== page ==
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Effects of Somatosensory Stimulation on Dream Content

David Koulack, PhD
Arch Gen Psychiatry. 1969;20(6):718-725. doi:10.1001/archpsyc.1969.01740180102010.
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THE NUMEROUS anecdotal accounts of incorporations of naturally occurring external and internal stimuli (falling out of bed, thunder, stomachaches, etc) into dreams,1-4 as well as some early, systematic studies,5-7 attest to man's continuing interest in the nature of his commerce with the environment during sleep.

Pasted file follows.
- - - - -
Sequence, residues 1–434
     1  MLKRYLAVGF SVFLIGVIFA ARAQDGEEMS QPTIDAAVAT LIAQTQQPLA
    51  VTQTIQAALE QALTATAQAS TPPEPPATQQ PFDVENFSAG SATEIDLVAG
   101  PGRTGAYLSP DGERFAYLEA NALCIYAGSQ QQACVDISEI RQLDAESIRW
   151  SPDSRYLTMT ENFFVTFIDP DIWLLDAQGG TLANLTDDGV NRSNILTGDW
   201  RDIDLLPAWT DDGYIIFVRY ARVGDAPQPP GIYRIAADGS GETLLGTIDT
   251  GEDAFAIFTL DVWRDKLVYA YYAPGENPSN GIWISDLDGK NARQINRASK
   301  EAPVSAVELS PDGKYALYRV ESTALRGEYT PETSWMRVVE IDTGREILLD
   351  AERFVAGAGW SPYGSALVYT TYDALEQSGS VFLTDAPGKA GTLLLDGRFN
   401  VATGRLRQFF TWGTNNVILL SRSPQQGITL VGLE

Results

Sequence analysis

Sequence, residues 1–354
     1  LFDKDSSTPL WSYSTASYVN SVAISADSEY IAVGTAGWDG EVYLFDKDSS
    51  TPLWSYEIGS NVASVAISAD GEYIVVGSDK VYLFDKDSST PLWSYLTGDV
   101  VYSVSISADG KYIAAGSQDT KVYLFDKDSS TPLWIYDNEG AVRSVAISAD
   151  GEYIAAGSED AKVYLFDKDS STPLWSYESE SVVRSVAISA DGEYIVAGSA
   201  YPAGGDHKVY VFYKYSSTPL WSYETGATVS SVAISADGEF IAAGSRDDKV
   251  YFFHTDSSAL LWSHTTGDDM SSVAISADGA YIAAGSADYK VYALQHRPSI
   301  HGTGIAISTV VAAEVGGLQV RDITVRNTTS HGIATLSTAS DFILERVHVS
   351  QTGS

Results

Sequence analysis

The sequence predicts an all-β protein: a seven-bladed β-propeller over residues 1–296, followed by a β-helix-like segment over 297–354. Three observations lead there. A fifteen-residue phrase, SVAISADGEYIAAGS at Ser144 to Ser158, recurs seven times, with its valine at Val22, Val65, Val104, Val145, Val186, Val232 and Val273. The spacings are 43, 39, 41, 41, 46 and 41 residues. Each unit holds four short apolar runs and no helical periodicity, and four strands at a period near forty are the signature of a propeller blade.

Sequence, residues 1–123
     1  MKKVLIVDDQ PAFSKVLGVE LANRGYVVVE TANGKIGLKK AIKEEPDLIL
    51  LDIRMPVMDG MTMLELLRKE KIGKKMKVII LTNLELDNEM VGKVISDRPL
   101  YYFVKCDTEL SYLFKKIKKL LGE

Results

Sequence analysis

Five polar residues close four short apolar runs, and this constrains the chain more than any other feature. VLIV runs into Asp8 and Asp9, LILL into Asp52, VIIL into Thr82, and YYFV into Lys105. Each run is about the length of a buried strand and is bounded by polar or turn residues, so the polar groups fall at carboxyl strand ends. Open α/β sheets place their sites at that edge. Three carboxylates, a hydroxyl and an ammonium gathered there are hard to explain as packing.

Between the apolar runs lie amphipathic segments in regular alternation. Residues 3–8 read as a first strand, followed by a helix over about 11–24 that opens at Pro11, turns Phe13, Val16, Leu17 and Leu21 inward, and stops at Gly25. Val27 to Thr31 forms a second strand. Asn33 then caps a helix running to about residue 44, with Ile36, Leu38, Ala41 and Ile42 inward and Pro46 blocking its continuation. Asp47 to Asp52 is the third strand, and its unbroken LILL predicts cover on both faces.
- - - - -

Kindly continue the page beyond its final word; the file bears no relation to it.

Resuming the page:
Dement and Wolpert8 studied the effects of three different types of stimuli (water spray, light, and pure tone) on dreams. They presented the various stimuli during rapid eye movement (REM) periods, the stage of sleep from which dream reports are most often elicited on awakening,9-12 and found the tactile stimulus (water) to be the most potent, being incorporated 42% of the time as compared to 9% for the tone and 23% for the light. Berger13 obtained over 50% incorporation for both meaningful and nonmeaningful names. The immense discrepancy between the amount of incorporation of an auditory


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